One entry in the file revealed that the bureau was trying to identify the driver of a Blue 1970 Volkswagen, which had “previously been observed at New Left locations in Vermont.” The Albany FBI office contacted its Newark, New Jersey counterpart and discovered that the car belonged to a 53-year-old man, Lowy’s father. A search was initiated to see who might be driving it.

The article I wrote for the Vanguard, published on April 4, 1980, charged the bureau with misusing the US Census. The evidence was a document that said the following: “A (deleted) to (deleted) the (deleted) of a spot check for the 1970 census resulted in a (deleted) with the (deleted) from whom the following was obtained.”

Not much to go on. But in a letter to Lowy the Bureau explained that the deleted portions referred to other people whose privacy rights were being protected and the investigative techniques that had been used. Once they had Lowy’s name, they had zeroed in on him through the New Jersey Department of Motor Vehicles and continued investigating for another six months. Despite the absence of any evidence they kept at it because of an alleged association with the Fresh Ground Coffee House, “a known contact point for extremist(sic) and associated with the Red Mountain Green Commune.”

When I contacted the FBI, an agent in Washington, DC office issued the standard denial: “The FBI does not utilize census information. Period.” Once I read portions of the memo, however, he decided to get back to me. In a follow up call, the new line was that he wasn’t “at liberty to discuss documents that the FBI has.” He didn’t repeat the denial. We had struck a nerve.

The story created an immediate sensation, shooting across the country within hours. Vermont’s congressional delegation said the repercussions could be serious and promised to investigate. By the weekend, our scoop was a national sensation and Lowy was being interviewed on the CBS Evening News. A week after the initial story, the FBI acknowledged that, although census information hadn’t been used, an agent had indeed posed as a census worker.

The technique, a bureau spokesman told the New York Times, was known as “pretext interviews,” in which agents assume false identities. But he added that new FBI guidelines said agents shouldn’t pose as representatives of other Federal agencies without the consent of that agency. That, of course, raised the question of what the Census Bureau actually knew. Unfortunately, the investigation never got that far.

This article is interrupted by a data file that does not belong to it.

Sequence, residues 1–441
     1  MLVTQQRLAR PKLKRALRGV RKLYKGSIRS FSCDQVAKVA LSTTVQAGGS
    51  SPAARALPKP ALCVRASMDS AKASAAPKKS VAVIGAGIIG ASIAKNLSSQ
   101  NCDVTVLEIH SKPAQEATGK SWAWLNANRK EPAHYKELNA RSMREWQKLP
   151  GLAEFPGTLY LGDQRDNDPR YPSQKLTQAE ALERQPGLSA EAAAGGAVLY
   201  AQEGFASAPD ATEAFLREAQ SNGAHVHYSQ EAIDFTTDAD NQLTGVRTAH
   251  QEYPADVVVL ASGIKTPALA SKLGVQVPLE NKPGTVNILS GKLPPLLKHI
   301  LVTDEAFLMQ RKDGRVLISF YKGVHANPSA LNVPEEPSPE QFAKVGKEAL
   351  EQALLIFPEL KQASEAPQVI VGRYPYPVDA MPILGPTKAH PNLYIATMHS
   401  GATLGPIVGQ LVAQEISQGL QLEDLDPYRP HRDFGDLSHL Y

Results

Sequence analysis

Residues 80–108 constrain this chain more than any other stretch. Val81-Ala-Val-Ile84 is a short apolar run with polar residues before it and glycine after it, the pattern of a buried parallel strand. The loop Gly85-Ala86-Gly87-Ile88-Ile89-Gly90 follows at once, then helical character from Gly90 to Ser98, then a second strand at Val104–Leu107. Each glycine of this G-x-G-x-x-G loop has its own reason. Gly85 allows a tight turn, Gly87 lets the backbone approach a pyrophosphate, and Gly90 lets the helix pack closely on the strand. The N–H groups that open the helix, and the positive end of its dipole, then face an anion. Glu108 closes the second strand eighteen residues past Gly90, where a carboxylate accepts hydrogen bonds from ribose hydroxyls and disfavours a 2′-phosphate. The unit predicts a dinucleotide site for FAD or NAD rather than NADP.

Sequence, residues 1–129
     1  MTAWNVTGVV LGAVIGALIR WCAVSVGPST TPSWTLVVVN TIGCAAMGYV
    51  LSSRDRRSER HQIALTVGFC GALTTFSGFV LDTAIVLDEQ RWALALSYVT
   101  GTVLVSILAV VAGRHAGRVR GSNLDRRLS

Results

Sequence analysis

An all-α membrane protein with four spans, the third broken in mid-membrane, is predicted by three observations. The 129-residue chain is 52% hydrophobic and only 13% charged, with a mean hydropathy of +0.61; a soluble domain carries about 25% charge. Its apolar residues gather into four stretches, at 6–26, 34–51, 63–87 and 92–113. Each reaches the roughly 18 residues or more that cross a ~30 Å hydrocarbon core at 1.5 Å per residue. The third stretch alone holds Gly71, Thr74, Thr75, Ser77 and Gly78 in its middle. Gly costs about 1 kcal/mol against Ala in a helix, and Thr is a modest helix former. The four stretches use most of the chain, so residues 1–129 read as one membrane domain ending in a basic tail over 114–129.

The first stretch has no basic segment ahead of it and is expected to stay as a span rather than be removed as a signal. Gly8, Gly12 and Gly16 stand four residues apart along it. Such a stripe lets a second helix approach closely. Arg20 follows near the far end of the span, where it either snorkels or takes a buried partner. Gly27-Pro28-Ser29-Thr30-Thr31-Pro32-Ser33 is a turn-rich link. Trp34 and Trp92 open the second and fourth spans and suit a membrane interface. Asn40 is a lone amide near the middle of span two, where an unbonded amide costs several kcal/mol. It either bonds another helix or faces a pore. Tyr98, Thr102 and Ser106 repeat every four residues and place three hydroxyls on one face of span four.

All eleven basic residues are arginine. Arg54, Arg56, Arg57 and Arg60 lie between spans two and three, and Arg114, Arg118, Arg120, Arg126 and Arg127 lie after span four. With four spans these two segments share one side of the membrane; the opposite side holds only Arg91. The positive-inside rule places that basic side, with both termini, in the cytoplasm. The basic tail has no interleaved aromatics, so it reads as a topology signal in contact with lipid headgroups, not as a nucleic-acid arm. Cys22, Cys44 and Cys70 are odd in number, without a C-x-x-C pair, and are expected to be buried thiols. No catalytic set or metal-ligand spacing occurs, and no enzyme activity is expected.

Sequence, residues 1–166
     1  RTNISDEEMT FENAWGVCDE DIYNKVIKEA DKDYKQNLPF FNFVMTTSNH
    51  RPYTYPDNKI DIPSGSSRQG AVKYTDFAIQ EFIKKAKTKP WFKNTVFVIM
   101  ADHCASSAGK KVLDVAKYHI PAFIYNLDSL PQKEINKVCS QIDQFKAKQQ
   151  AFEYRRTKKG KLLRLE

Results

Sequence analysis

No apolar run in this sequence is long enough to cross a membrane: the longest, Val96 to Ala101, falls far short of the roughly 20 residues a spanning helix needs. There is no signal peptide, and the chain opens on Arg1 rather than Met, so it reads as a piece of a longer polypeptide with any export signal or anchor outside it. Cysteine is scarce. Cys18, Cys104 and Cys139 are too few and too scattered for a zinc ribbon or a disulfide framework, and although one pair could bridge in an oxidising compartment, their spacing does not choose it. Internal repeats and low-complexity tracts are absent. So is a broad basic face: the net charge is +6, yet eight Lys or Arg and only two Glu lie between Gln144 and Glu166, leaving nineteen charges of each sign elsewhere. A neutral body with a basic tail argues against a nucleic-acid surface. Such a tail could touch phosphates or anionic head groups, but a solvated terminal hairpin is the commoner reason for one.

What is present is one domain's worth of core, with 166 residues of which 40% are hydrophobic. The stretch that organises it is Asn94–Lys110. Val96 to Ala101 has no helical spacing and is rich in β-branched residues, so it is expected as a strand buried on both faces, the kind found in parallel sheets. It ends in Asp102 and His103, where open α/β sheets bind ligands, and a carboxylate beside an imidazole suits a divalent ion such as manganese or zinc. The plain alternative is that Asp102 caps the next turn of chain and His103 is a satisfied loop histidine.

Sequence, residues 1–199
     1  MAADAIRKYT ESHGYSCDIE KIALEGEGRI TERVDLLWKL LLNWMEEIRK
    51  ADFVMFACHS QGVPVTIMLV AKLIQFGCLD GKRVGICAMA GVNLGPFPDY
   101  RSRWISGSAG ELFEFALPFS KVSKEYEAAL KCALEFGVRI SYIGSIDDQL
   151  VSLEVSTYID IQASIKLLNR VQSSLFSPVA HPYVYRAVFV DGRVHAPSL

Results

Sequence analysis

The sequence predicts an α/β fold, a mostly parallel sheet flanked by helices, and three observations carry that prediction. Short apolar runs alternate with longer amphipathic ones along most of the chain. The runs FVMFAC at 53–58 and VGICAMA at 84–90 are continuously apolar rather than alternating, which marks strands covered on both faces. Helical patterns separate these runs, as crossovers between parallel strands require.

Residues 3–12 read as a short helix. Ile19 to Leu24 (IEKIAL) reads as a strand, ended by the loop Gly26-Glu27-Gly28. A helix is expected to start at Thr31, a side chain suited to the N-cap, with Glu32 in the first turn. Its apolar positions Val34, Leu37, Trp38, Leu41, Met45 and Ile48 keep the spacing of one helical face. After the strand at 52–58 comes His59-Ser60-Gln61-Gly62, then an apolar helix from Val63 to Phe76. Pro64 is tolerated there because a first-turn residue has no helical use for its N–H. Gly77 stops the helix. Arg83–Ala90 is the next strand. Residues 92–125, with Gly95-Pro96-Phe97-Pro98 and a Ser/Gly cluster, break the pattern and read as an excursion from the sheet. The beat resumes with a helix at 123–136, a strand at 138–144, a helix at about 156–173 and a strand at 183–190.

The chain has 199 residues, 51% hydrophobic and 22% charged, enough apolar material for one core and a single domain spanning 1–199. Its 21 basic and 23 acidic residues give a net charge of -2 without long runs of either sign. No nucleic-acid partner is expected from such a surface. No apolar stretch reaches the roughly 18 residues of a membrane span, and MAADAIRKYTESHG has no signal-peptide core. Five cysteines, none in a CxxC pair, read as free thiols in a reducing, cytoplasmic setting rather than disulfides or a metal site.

Instead, the FBI released a less deleted version of the memo. What it revealed was that a “pretext call” — the first deleted phrase — to the Lowy home had “resulted in a conversation with the maid…” In other words, an FBI agent had posed as a census worker to find out more about a 30-year-old health worker who had merely visited a “commune.” FBI Director William Webster protested that the technique was legal — but added that all field offices had been told not to do it.

Attorney General Ben Civiletti was a more candid. In a letter to US Senator Patrick Leahy, he said the FBI knew “it is wrong for an FBI agent to pose as a representative of the Bureau of the Census for any reason,” and had so informed its special agents. Webster subsequently put the revised policy on paper: the pretext of being a census worker shouldn’t be used, or even requested.

What we never learned was whether it was an isolated occurrence or a standard procedure. Nevertheless, a small crack had been made in the covert iceberg. An alternative newspaper had broken through the “Washington consensus” to challenge the intelligence community. It wouldn’t be the last time.

This article originally appeared on: Global Research